News Release
July 11, 2023

Three years after the start of issuing tickets to speeding vehicles, evaluation data from the City of Toronto’s Automated Speed Enforcement (ASE) program highlight how speed cameras have been effective in significantly reducing the number of people speeding and overall vehicle speeds, pointing to increased compliance and improved driver behaviour.

An evaluation study conducted by researchers from The Hospital for Sick Children (SickKids) in collaboration with the Toronto Metropolitan University (TMU) analyzed speed and collision data from January 2020 to December 2022 at 204 locations that had an ASE device. Although data collection was affected by the pandemic, substantial data was collected during periods without stay-at-home orders or school closures.

The study shows that the proportion of people speeding in 30, 40 and 50 km/h speed limit zones dropped from approximately 60 to 43, 51 to 30 and 58 to 36 per cent respectively when the devices were operational. This represents an overall 45 per cent reduction in the proportion of people speeding in areas with an ASE device.

The data also show the introduction of ASE devices reduced the operating speed of vehicles or the speed at which most vehicles travel in free-flowing conditions, helping to mitigate the potential risks associated with high-speed traffic. Vehicle operating speeds in 30, 40 and 50 km/h speed limit zones dropped from approximately 44 to 37, 50 to 44 and 63 to 60 km/h respectively when the devices were active. This represents an overall decrease of approximately seven km/h in vehicle operating speeds in areas with an ASE device.

The study also found the percentage of drivers exceeding the speed limit decreased at 80 per cent of locations with an ASE device. Excessive speeding – driving over the speed limit by 20 km/h or more – was also reduced by 87 per cent after the placement of an ASE device.

The full evaluation report is available by visiting

The City’s Automated Speed Enforcement program began operation in July 2020. Currently, there are 75 devices issuing tickets to speeding vehicles. The program aims to increase road safety, reduce speeding and raise public awareness about the need to slow down and obey posted speed limits. It is designed to work with other Vision Zero actions, including engineering measures, education initiatives and traditional police enforcement.

The total payable fine includes a set fine determined by Schedule D under the Provincial Offences Act, a victim fine surcharge and applicable court costs. ASE tickets do not incur any demerit points and do not affect a person’s driving record.

All ASE devices are installed in Community Safety Zones. Sites are selected primarily based on data that indicate where speed and collision challenges exist. Each municipal ward has three ASE devices that capture and record images of vehicles travelling in excess of the posted speed limit.

More information about the program, how to pay fees and a map of all current and planned locations are available at

The World Health Organization (WHO) has identified speed to be a key contributing factor in all road traffic collisions, deaths and injury severity. High speeds reduce driver reaction time, increase the vehicle stopping distance and inflict more severe blunt force trauma on victims upon impact. The risk of fatal collisions rises by 4-5 per cent for every 1 km/h increase in vehicle speeds.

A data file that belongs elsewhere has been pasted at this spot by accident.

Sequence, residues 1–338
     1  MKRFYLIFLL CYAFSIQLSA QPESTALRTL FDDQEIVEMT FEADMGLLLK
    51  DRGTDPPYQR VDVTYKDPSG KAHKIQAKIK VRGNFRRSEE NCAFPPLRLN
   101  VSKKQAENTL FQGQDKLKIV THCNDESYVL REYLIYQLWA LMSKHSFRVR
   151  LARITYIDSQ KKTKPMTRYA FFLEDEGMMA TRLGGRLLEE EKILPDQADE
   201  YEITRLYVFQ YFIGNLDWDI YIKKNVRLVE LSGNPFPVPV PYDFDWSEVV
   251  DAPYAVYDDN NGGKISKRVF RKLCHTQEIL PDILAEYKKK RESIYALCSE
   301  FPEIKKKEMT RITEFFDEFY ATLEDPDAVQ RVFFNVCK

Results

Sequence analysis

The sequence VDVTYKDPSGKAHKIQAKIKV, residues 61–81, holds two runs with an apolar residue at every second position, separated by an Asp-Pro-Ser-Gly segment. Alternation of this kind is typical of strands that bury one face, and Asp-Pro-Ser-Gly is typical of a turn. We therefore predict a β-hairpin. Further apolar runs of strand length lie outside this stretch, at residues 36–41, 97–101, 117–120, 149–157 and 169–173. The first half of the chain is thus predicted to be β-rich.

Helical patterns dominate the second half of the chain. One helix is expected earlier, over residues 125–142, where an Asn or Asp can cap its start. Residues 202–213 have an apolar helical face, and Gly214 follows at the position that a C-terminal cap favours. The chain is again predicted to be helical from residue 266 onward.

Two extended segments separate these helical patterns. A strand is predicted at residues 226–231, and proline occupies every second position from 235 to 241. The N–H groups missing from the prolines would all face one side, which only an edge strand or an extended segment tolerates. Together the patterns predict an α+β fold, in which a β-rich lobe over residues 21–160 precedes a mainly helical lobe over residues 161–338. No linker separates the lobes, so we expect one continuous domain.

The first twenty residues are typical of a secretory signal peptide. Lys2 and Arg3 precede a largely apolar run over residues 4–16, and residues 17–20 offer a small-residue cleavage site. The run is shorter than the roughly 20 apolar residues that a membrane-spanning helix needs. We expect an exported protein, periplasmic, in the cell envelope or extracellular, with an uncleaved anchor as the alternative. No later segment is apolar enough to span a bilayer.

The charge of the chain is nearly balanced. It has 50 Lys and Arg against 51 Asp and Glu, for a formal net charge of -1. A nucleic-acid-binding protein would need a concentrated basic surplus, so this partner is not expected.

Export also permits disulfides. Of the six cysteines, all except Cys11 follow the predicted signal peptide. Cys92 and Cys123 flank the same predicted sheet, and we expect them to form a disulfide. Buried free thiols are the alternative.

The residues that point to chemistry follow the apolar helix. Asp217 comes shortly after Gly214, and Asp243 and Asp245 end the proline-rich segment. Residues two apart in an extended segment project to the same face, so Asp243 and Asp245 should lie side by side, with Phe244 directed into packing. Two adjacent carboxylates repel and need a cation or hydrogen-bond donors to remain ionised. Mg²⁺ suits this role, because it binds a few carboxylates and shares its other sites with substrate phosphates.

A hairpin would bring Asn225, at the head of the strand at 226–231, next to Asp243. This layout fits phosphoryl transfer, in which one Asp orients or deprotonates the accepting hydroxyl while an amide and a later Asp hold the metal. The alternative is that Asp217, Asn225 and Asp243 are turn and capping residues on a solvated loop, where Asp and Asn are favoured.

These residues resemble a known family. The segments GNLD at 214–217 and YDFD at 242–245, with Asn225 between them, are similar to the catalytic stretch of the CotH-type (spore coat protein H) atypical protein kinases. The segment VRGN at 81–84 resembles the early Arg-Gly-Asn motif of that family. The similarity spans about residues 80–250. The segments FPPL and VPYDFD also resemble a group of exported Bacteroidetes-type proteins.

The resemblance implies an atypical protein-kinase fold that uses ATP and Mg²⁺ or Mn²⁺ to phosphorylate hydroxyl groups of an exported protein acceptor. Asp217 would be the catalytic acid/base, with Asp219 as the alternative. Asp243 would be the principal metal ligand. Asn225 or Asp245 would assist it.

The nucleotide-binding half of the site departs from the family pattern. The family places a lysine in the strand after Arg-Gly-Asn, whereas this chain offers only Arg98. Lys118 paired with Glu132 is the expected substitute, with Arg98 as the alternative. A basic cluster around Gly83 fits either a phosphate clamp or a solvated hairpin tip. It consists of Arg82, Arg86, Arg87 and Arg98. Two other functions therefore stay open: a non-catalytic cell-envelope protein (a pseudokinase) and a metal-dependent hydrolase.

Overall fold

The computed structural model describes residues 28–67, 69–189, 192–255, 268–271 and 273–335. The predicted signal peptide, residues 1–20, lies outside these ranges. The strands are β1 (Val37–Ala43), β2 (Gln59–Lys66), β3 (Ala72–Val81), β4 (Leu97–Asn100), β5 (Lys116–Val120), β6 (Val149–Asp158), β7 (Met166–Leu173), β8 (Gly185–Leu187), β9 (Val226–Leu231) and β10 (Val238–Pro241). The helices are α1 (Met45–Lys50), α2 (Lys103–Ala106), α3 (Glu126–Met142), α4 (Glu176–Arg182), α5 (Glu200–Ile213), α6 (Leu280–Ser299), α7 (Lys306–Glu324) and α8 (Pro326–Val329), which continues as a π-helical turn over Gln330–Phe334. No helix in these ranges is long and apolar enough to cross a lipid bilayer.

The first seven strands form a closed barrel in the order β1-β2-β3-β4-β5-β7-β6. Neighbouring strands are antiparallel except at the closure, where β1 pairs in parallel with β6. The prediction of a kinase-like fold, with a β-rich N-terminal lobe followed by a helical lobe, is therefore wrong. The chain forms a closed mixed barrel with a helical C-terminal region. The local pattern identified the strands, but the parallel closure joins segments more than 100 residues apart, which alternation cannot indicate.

Through the Vision Zero Road Safety Plan, the City developed a Speed Management Strategy comprised of seven integrated speed reduction tools aimed at mitigating risks associated with high speeds. These include revised speed limit setting practices, road design improvements, enhanced police enforcement, proactive deployment of ‘Watch Your Speed’ signs, speed limit reductions, automated enforcement and public education.


“The results of this study highlight the remarkable impact of Automated Speed Enforcement. It’s gratifying to see that 80 per cent of the locations with an Automated Speed Enforcement device witnessed a decline in the percentage of drivers exceeding the speed limit. This is a testament to the program’s effectiveness in slowing down drivers and creating a safer environment for our school communities. These findings, coupled with the other Vision Zero measures the City continues to implement, reaffirm our dedication to implementing evidence-based strategies for road safety.”
– Deputy Mayor Jennifer McKelvie (Scarborough-Rouge Park), Chair of the Infrastructure and Environment Committee

“I am very pleased to see the substantial reductions in motor vehicle speeds in school zones as a direct result of the City’s Automated Speed Enforcement program. Active commuting has tremendous individual health and social benefits, and children and youth should have the ability to walk or cycle in a safe environment to set these habits early in life. News of severe and fatal child pedestrian injuries is all too common in Toronto. All childhood traffic injuries are preventable, and vehicle speed reduction is a cornerstone of prevention. Automated Speed Enforcement is a tool that Toronto can use, alongside other strategies, to realize the vision of a city with zero deaths or severe injuries from road traffic.”
– Dr. Andrew Howard, Head, Division of Orthopaedic Surgery and Senior Scientist, Child Health Evaluative Sciences, The Hospital for Sick Children (SickKids)

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